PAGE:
ACA Reporting for 2018: What's Changed?

 November 20 2018     Avery Ozimek

It’s again time for applicable large employers (ALEs) and employers who sponsor self-funded group health plans to prepare for reporting requirements under the Affordable Care Act (ACA).  For 2018, very little has changed from 2017. However small the change though, it is still important to understand the changes to properly comply and avoid penalties. (I know many employers are still hoping that ACA reporting will go away.)

Goodbye, good faith

This year it becomes especially important to understand changes and report correctly because the IRS has ended (and is not expected to extend) its good faith leniency for employers. In the past, if employers could prove a good faith effort in complying with the ACA’s requirements when filing, no penalty was imposed for incorrect or incomplete forms as long as the filing was submitted timely, and the employer could later file corrected forms. This is set to change for 2018.

Unlike in the past, beginning in 2019 and related to the 2018 reporting year, employers may now be penalized for noncompliance with filing requirements regardless of their good faith efforts. Therefore, all requirements, including timeliness and completion, must be followed. The instructions for Forms 1094-C and 1095-C state that employers who “fail to comply with the applicable information reporting requirements may be subject to the general reporting penalty provisions for failure to file correct information returns and failure to furnish correct individual statements.” The penalty for an employer’s failure to file a correct information return for 2018 is $270 per return for which a failure occurs (cap of $3,275,500). (Remember that many errors made on the informational return are often duplicated on individual statements which doubles the penalty.)

While penalties may be imposed for incorrect information, Line 15 of the 1095-C form is one exception. De minimis errors on Line 15 will have continued relief. Line 15 is the reported cost of coverage. The safe harbor for de minimis errors generally applies if no single error differs from the correct amount by more than $100.

Sections 4980H(a) and 4980H(b) Penalties

As a reminder, there are two types of penalties related to reporting requirements under the ACA. Per Section 4980H(a), the “A penalty” is imposed when an ALE fails to offer Minimum Essential Coverage to at least 95% of its full-time employees. Per Section 4980H(b), the “B penalty” is imposed when an ALE fails to offer coverage that is either affordable or does not provide plan benefits equal to or better than the minimum value of 60 percent.  Both penalties have increased for 2018. The A penalty increased from $2,260 to $2,320 for 2018, and the B penalty increased from $3,390 to $3,480 for 2018.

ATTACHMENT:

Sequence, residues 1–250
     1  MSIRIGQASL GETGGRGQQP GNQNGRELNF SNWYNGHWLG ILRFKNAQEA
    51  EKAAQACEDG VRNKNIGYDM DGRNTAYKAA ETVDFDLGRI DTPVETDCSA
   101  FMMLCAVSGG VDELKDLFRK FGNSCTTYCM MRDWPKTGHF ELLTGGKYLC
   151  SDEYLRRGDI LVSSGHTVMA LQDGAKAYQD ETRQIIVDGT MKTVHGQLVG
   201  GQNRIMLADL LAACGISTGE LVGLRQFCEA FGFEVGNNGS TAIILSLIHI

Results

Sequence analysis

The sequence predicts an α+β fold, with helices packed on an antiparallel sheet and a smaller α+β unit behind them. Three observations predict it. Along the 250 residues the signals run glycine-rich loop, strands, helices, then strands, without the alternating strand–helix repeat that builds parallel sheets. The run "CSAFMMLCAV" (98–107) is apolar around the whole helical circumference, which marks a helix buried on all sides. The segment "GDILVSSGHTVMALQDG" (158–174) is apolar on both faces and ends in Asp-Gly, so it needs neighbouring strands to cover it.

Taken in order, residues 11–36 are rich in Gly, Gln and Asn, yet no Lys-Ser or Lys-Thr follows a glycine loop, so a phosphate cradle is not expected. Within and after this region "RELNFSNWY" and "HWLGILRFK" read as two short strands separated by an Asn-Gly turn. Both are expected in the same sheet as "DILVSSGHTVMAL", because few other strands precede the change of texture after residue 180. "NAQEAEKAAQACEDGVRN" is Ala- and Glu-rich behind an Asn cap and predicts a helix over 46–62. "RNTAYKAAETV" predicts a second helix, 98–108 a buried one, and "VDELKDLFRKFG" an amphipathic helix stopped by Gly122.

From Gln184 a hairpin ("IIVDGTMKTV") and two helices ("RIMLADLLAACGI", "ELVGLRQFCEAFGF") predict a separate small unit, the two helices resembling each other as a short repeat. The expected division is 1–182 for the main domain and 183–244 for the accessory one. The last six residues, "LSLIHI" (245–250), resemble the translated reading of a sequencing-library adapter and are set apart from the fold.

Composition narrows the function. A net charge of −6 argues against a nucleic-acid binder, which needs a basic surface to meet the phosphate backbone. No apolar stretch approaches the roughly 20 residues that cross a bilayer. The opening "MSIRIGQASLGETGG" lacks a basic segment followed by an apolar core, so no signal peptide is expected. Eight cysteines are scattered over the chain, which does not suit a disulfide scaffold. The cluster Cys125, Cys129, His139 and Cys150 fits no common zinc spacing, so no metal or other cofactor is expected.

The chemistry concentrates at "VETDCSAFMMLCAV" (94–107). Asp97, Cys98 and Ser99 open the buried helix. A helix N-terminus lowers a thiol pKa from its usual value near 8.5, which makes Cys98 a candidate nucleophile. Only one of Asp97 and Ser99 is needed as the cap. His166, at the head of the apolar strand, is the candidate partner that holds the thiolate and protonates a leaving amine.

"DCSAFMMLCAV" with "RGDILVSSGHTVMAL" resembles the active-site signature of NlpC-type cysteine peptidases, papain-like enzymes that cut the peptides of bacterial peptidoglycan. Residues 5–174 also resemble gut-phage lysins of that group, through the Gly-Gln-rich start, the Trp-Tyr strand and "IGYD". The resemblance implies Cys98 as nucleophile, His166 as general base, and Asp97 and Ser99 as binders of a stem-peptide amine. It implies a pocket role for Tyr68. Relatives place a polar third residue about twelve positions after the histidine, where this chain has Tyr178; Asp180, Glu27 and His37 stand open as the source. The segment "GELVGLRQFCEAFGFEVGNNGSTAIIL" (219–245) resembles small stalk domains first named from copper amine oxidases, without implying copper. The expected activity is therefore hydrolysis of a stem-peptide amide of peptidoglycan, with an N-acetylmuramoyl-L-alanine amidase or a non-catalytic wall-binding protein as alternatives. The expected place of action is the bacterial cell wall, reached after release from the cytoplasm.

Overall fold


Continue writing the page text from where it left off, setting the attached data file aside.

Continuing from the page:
• It is especially important this year that employers distribute their employees’ 1095-C forms by January 31, 2019, as required. Employees use this form to verify their coverage when filing their individual taxes. For 2018, individuals must indicate their health coverage status, or the IRS will not accept the tax return.
  • Under the employer mandate, if healthcare offered by an employer is not affordable and does not meet minimum value, the B penalty (referenced above) may apply. Per the IRS, an offer of coverage “is considered affordable for an employee if the employee required contribution is no more than 9.5 percent (as adjusted) of that employee’s household income.” For 2018, the threshold is 9.56 percent. The threshold has stayed between 9.5 and 9.7 percent since 2015, however, in 2019 it will increase to 9.86 percent.
  • The IRS reiterates that there is no code for Line 16 on Form 1095-C to indicate that an individual waived coverage.
  • For now, the “plan start month” box remines optional on Form 1095-C. However, this does not mean that the box will remain optional in 2019. 

Final forms are available from the IRS – ALE’s use Forms 1094-C , 1095-C and related instructions, while self-funded plan sponsors under 50 full-time equivalent employees use Forms 1094-B, 1095-B, and related instructions.  With the importance of accurate and timely filings this year, employers should be mindful of the filing deadlines. As a reminder, Form 1095-C (or 1095-B if applicable) is due to employees by January 31, 2019. Forms 1094-C and 1095-C (or 1094-B and 1095-B if applicable) are due to the IRS by February 28, 2019 if paper filing, or April 1, 2019 if electronic filing.  Paper filing is only available for employers with fewer than 250 returns.

Please contact your HORAN representative with any questions.